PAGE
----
Tracey Emin

All the people in the late ’80s and early ’90s were really hell-bent on doing something for themselves . . . I was definitely part of that way of thinking. Tracey Emin

In the notorious YBA circle in which artist Tracey Emin rose to prominence in the early ’90s, most of the art attempted shock through frank Freudian imagery or high-concept sculptural productions pointing toward the inanity of existence. Looking back, it’s hard to synthesize Croydon-born Emin’s work with the other British artists of her Saatchi-endorsed generation who went on to become brand names (or swear words) in the contemporary art world. Emin’s visual vocabulary—even her habitual use of feminist mediums and tropes—seems to speak a far more private and vulnerable message. For much of her early career, she created, compiled, and assembled out of the detritus of a life falling apart. But through fabric, dance, dirty bed, and the names of everyone she ever slept with, Emin fused the personal with the material, the fragile zone of impact between inner and outer, between honest confession and the manipulation of a stylized aesthetic.

Over the years, though, Emin, now 50, has become less moored to the working-class London-bohème cool of her youth. The poetic seems to have overtaken the punk. Language was always a principle element of her work, but in the past 15 years, the diaristic fragments have evolved into an enigmatic and universal invocation. Her scratchy handwritten appeals on paper have been inscribed in neon, with expressions ranging from the raunchy (People Like You Need to Fuck People Like Me, 2002) to the sublime (You Touch My Soul, 2012, and I Listen to the Ocean and All I Hear Is You, 2011). It is not that Emin has grown weary of chasing her demons in her art, but it does seem as if her demons have matured, the need to communicate has come to supercede the need to scandalize, confess, or avenge.

In December, the Museum of Contemporary Art in North Miami unveils “Angel Without You,” a retrospective focusing on Emin’s neon works, ranging from pieces made in 1995 all the way to her recent figurative work. Not only is an Emin show devoted to neon fitting for the fluorescent beach-front city, it’s also one of the places the artist herself calls home. Another of her homes is in the South of France, where she has a hilltop place by the Côte d’Azur. One of her seasonal neighbors and friends since meeting five or six years ago through their mutual friend, the hairdresser Charles Worthington, is the legendary actress and fellow British wild child Joan Collins. The two spoke by phone in October, comparing notes on love, art, fashion, marriage, and men. As expected, they’re both wonderful at being honest.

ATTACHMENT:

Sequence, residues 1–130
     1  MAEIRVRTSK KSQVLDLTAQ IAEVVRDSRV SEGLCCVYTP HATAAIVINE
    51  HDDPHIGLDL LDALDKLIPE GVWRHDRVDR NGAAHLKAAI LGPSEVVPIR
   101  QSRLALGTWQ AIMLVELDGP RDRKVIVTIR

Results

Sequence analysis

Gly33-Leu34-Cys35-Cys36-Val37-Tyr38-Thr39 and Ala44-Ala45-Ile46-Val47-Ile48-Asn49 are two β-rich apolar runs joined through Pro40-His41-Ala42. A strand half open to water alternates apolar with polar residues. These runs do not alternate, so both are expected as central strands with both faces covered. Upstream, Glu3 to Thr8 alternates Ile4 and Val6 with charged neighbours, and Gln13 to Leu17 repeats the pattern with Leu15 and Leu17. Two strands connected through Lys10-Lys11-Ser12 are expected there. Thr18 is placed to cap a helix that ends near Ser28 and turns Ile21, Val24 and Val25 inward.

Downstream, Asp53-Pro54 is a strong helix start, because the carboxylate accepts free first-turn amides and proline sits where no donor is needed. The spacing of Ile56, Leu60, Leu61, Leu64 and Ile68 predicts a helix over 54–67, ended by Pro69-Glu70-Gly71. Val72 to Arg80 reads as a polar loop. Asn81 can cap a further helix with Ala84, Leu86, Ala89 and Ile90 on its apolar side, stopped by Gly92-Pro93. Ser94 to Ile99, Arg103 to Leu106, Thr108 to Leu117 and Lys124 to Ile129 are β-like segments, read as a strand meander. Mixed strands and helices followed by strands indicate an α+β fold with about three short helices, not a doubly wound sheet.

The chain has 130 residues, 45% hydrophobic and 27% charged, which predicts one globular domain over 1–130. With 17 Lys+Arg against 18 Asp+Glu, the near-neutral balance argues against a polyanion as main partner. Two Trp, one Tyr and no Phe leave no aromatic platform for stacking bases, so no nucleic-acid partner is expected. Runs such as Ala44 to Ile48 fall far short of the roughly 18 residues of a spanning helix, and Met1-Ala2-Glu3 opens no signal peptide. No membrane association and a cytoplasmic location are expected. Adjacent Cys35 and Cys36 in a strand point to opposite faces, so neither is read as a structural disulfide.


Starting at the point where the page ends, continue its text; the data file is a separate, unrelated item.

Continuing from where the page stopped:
JOAN COLLINS: Tracey, how are you?

TRACEY EMIN: I’m in France. I’m in my kitchen right now.

COLLINS: Oh, I’m in Los Angeles on my bed. I’ve been up for about four hours getting ready to leave for London. You’re so lucky to be in the South of France right now because I hear it’s been gorgeous there.

EMIN: Well, where I am, it’s really autumnal and windy with a gray sky, and from my house, the sea is really rough. You wouldn’t like it. You’re definitely in the right place in Los Angeles.

COLLINS: Now what are we doing? Doing a phone call sober? Is somebody taking this down, or what?

EMIN: Yeah, someone’s recording us.

COLLINS: Okay. So we’ve got to try to be interesting.

EMIN: Thank god, we haven’t got to give too much away. We’ve got a good balance in our lives.

COLLINS: Who starts? [laughs] I don’t want to start. I’m a bit of a virgin, you know.

EMIN: I’ve never done it on the telephone before. I’ve done it many times but never on the phone. I’m not very good at talking on the telephone.

COLLINS: Why don’t I start? You were one of the most successful young British artists to come up with your generation in the late ’80s and early ’90s. How do you feel you fit into that group? Did you feel that you belonged?

EMIN: Most of the people who ended up being very successful make very different work than me, and they actually came from different educational backgrounds. They were far more interested in minimalism and what was happening in America. I was much more interested in figurative painting. My influences were from Europe from between 1900 and 1945. My favorite artists were Egon Schiele or Edvard Munch. I wasn’t interested in contemporary art at all. Obviously I have to be a lot more interested now, but my passion for art is definitely in the early 20th century. I’m actually coming from a different place than most of my contemporaries who are successful. At the beginning, I think where I fit in was with my wild character.

COLLINS: Oh, no, that’s not you!

EMIN: All the people in the late ’80s and early ’90s were really hell-bent on doing something for themselves, and they wouldn’t take no for an answer. There was a lot of determination, and I was definitely part of that way of thinking.

COLLINS: You were young—in your twenties—when you were discovered, if that’s the right word.

EMIN: I wasn’t actually. I was at work. I’d been doing it since my twenties, but I was actually quite a late developer. I didn’t have my first exhibition until I was 30, and that was with Jay Jopling at White Cube. Being 30 was quite late because a lot of my contemporaries at that time were, like, 22 or 23 when they had their first show. A lot of people don’t realize I’m 50—they just presume I’m younger.

COLLINS: Well, I wouldn’t argue with them, darling. You’re actually 35.